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Paul I. Terasaki
In Memoriam

Paul I. Terasaki

Professor of Surgery

UC Los Angeles

Paul Terasaki has forever changed the face of medicine and given millions of people a second chance at life.

From an inauspicious childhood – he was relocated with his family from their Los Angeles home to an internment camp in Arizona – Terasaki's later academic and professional lives were defined by enormous success.

In 1948, at age 19, Terasaki enrolled at UCLA where later he would make medical history as a pioneer in the field of organ transplant medicine. He earned three degrees from UCLA and, after receiving his Ph.D., he was awarded a postdoctoral fellowship to work in London for a year under future Nobel Prize recipient Peter Medawar.

From 1955 to 1999, Terasaki worked at the UCLA Department of Surgery. He was director of UCLA's tissue typing laboratory, and in 1964 he developed a microtoxicity test that evaluates donor and recipient tissue compatibility, adopted as the international standard for tissue typing.

In 1984, Terasaki founded One Lambda, Inc., a company that supplies tissue typing and antibody detection reagents world-wide. They also creates lab instruments and computer software that aids testing. After starting the company, he stayed at UCLA and continued his transplant research for 16 years. At the time of his death, he was the chairman of the board for One Lambda.

Terasaki was promoted from researcher to professor of surgery at UCLA, a position he held from 1969 until 1999 when he retired. He continued his research and academic pursuits through the establishment of the Terasaki Foundation Laboratory in West Los Angeles.

A member of the World Health Organization and the British Transplantation Society, Terasaki has served as president of the international transplantation society and the American Society for Histocompatibility and Immunogenetics.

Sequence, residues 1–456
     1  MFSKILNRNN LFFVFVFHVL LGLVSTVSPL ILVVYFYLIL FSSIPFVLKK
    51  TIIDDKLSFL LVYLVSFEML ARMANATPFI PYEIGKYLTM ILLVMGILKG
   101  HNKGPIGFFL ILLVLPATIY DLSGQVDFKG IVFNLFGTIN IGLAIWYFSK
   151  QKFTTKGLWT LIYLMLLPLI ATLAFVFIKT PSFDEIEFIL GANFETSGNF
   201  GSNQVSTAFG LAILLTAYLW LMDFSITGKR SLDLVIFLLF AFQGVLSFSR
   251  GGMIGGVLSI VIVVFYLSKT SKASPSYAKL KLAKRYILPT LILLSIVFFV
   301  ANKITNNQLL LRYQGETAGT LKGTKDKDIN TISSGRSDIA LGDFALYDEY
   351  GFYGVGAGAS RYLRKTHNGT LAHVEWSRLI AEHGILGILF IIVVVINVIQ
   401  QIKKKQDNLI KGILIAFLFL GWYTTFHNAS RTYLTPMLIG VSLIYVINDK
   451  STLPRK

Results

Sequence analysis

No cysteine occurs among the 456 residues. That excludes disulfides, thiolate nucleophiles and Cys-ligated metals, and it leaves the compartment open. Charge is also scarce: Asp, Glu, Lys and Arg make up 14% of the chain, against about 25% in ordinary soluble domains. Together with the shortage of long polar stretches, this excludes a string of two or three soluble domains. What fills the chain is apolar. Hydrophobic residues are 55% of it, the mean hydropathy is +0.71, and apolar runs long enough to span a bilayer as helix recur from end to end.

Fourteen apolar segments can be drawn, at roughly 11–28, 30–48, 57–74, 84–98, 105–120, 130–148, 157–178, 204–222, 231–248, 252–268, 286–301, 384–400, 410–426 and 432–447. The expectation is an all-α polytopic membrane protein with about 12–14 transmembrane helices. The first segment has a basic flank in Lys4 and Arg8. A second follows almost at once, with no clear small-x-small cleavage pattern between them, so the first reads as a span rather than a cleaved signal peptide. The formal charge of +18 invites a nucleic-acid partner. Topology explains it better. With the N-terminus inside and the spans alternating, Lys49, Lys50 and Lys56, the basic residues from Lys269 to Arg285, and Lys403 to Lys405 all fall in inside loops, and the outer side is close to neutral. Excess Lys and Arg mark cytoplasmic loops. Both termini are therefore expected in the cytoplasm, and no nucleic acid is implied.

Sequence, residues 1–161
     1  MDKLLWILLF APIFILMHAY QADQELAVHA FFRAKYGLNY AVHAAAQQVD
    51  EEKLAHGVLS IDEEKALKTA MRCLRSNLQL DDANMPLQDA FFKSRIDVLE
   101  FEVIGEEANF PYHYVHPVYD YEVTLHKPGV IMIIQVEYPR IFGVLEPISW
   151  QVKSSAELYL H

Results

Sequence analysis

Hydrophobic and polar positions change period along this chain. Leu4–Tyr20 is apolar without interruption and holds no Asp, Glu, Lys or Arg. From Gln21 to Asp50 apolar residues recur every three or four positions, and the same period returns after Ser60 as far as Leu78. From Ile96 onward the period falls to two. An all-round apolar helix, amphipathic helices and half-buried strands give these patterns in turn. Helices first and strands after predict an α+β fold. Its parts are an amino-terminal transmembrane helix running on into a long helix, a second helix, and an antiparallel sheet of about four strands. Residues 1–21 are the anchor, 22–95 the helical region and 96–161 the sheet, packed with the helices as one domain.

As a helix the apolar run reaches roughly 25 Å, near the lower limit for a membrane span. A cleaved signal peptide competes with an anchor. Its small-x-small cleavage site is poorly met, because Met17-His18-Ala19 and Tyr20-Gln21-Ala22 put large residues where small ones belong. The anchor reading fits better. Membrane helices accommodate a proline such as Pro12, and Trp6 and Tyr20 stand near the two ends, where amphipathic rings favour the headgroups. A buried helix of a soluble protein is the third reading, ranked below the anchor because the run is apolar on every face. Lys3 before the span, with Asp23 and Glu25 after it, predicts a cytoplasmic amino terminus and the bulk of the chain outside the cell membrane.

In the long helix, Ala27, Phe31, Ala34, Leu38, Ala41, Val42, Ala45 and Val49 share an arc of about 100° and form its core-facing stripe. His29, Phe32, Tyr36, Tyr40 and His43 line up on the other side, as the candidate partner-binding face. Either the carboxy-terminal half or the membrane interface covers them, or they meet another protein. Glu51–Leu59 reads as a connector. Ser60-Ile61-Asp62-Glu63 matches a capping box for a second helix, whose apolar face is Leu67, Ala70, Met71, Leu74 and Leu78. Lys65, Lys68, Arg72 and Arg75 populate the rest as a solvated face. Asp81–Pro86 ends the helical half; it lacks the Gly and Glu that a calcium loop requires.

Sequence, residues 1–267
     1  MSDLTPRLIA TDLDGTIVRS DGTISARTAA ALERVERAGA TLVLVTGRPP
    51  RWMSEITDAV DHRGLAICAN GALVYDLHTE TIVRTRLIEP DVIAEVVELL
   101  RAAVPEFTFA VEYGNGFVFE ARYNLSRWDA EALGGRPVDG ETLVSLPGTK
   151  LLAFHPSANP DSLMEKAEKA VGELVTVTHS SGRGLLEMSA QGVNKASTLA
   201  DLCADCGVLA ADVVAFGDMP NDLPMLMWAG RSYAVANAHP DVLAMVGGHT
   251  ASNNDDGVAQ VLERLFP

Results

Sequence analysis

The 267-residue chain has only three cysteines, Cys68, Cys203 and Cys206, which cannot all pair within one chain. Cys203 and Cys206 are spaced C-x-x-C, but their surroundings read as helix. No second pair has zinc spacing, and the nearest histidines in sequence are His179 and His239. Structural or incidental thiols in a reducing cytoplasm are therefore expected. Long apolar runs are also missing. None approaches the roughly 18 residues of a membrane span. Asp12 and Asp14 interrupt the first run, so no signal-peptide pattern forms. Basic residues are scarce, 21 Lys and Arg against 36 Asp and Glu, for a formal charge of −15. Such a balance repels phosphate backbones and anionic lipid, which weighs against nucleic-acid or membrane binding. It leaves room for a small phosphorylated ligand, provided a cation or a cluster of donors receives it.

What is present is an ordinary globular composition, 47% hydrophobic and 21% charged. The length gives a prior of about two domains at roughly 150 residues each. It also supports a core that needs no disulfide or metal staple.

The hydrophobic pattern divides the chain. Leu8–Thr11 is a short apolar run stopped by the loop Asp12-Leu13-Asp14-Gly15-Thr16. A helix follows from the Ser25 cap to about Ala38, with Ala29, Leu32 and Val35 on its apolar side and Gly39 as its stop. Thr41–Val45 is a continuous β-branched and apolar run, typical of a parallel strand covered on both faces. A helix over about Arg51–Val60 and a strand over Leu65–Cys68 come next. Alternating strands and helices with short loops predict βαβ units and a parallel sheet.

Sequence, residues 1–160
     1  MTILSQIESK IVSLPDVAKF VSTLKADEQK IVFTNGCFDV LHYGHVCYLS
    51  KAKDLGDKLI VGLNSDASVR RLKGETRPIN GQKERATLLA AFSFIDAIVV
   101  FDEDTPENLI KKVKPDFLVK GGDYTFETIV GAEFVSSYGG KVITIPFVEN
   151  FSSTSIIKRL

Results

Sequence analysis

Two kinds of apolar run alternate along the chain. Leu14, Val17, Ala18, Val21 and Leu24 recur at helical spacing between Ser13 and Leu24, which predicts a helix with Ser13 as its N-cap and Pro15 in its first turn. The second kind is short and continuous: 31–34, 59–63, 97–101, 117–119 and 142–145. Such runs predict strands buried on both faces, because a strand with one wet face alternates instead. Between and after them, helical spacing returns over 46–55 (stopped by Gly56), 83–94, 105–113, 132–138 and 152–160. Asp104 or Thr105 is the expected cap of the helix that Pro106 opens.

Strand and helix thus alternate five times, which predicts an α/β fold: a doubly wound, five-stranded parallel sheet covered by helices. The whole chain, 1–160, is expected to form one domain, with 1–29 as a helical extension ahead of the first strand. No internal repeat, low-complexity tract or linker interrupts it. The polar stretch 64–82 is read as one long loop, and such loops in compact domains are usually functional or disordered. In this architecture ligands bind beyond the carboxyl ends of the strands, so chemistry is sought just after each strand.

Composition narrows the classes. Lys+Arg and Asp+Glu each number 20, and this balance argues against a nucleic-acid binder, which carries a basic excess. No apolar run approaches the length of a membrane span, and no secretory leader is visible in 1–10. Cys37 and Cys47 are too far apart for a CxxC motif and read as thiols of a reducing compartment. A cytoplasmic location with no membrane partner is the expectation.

Terasaki has been a Bruin for more than 60 years – a student, researcher, professor and parent. His children spent a total of 21 years at UCLA. He received the UCLA Award for Professional Achievement in 1973 and the Medawar Prize from the international transplantation society in 1996, just two of the many prestigious awards he has received throughout his career. He is a member of both the UCLA Alumni Association and the UCLA Medical Alumni Association. He has served on the Foundation Board of Governors (2001-04) and Foundation Board of Councilors (2004-07).

Supporters of Japanese-American cultural relations, the Terasakis established the Paul I. and Hisako Terasaki Center for Japanese Studies at the UCLA International Institute in 2006. They further established the Nibei Foundation to encourage fellowship and partnership between Japanese and Japanese-American professors and doctors. Their philanthropy extends to the Japanese- American National Museum as well, which houses the Terasaki Orientation Theater and the Garden Café.

In 2010 Terasaki and his wife, Hisako, made a magnanimous $50 million gift to the UCLA Department of Life Sciences for construction of the Terasaki Life Sciences Building, with 33 state-of-the-art laboratories.

Terasaki passed away on Jan. 25, 2016, at the age of 86. He is survived by Hisako; their four children; six grandchildren, Mayumi, Paul, Kazuo, Susie, Kenta and Miya; and his brother, Richard.